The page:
Galactose is a sugar that is part of the lactose found in milk and milk products. A galactosemia test is a blood or urine test that checks for Reference enzymes Opens New Window that are needed to change galactose into glucose, a sugar that your body uses for energy. A person with Reference galactosemia Opens New Window doesn't have one of these enzymes, so high levels of galactose build up in the blood or urine.
When galactose builds up in a baby's blood, it can cause brain damage, seizures, and intellectual disabilities. The damage caused by galactosemia can begin within weeks after the baby has started drinking breast milk or formula. Babies with galactosemia need foods low in galactose in order to gain weight and to prevent brain damage, liver problems, infection, and Reference cataracts Opens New Window.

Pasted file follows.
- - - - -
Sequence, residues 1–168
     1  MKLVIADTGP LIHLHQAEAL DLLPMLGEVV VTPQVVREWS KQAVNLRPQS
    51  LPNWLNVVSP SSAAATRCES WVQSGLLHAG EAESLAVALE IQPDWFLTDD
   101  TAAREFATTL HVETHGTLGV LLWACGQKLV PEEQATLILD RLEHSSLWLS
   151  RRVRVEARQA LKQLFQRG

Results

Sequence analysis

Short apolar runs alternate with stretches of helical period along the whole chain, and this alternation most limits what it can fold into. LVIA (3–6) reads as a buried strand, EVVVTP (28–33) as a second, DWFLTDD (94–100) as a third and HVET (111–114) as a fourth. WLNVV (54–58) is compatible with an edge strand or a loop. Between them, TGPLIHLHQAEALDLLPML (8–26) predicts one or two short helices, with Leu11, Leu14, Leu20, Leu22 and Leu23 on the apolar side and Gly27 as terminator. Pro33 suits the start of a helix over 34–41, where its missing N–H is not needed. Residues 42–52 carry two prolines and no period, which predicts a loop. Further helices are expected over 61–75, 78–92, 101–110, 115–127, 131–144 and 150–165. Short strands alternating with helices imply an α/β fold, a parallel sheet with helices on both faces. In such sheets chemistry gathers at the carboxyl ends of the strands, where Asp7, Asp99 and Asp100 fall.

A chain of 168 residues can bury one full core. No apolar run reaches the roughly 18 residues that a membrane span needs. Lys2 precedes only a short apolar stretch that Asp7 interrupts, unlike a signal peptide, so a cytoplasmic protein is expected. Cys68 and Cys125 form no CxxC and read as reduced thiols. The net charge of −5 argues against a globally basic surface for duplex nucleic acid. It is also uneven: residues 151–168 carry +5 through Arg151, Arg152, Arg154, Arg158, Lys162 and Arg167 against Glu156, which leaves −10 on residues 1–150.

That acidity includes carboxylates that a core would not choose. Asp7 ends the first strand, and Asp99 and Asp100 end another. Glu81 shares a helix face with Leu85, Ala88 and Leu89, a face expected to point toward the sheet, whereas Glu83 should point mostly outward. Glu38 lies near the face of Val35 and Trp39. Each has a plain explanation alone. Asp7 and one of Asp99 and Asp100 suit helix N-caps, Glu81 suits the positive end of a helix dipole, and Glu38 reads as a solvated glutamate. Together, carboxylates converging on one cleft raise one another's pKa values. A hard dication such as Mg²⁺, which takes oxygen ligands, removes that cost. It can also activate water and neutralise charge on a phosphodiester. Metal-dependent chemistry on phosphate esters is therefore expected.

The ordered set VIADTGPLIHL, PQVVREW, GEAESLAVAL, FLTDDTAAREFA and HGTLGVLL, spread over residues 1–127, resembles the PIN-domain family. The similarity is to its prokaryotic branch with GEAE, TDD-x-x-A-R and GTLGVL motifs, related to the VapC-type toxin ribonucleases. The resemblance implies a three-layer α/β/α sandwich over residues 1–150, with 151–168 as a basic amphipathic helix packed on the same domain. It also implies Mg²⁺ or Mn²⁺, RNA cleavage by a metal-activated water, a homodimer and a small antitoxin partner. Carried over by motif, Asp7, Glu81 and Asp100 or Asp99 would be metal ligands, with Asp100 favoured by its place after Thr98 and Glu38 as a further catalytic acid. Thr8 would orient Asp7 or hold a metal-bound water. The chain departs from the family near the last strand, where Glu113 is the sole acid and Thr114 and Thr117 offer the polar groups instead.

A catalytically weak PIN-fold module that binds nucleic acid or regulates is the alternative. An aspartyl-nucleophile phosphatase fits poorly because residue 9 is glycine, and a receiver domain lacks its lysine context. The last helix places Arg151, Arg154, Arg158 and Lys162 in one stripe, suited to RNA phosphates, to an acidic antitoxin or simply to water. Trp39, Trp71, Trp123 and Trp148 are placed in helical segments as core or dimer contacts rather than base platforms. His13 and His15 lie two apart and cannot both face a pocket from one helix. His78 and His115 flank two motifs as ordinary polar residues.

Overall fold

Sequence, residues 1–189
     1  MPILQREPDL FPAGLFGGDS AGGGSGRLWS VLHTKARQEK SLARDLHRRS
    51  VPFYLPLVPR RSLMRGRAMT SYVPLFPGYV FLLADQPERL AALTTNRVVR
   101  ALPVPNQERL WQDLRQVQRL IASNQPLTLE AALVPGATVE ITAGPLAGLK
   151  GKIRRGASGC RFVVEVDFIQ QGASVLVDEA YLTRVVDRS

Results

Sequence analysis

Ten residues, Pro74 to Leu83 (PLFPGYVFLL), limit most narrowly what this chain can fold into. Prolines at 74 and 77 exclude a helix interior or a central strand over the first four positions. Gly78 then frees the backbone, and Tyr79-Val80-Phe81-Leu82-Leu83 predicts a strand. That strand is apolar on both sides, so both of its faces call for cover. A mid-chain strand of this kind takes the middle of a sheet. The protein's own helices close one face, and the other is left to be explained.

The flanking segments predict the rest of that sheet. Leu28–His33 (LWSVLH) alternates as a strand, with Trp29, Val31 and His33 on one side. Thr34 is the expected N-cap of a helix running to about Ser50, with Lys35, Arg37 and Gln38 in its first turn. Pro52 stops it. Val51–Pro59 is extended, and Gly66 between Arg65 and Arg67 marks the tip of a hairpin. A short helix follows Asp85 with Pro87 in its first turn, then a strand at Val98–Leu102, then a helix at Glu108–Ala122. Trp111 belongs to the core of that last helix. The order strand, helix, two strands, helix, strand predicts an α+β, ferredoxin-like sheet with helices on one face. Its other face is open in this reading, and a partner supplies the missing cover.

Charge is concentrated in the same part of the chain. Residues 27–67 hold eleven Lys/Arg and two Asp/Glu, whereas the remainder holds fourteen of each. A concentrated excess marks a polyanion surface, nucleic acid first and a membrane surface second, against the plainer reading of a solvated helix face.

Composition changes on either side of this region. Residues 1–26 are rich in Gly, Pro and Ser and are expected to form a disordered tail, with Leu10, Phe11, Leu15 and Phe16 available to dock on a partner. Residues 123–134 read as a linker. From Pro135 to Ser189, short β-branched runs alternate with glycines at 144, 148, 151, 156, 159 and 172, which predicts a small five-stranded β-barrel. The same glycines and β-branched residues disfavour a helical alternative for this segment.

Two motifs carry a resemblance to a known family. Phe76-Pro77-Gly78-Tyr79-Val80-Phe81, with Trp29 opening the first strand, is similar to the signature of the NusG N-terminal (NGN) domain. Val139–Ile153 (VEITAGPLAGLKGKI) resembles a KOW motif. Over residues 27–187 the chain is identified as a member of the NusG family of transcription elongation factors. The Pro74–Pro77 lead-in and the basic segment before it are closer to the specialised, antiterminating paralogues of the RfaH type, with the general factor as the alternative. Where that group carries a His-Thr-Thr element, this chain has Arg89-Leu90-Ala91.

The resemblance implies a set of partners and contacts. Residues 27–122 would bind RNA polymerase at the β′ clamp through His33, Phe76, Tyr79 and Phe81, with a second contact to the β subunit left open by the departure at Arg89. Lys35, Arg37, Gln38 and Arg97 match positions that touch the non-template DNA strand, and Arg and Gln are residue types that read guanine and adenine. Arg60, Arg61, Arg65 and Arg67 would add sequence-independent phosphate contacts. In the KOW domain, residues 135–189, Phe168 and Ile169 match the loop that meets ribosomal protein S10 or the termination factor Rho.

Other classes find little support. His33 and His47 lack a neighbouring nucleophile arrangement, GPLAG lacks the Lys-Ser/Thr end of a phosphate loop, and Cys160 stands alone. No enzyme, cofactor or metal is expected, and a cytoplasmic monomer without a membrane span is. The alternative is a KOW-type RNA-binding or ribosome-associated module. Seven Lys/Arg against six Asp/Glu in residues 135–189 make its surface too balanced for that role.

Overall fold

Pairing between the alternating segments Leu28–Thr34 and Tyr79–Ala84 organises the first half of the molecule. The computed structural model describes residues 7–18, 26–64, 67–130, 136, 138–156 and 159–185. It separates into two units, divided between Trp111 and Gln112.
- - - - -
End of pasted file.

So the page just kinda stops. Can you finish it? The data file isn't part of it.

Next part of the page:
Galactosemia is a rare disease that is passed from parents to children (Reference inherited genetic disorder Opens New Window). A galactosemia test is usually done to determine whether a newborn has the disease. In a family with a member who has galactosemia, a genetic test can be done on adults to determine whether they have an increased chance of having a child with the disease.
|By:||Reference Healthwise Staff||Last Revised: Reference March 29, 2011|
|Medical Review:||Reference Sarah Marshall, MD - Family Medicine
Reference Siobhan M. Dolan, MD, MPH - Reproductive Genetics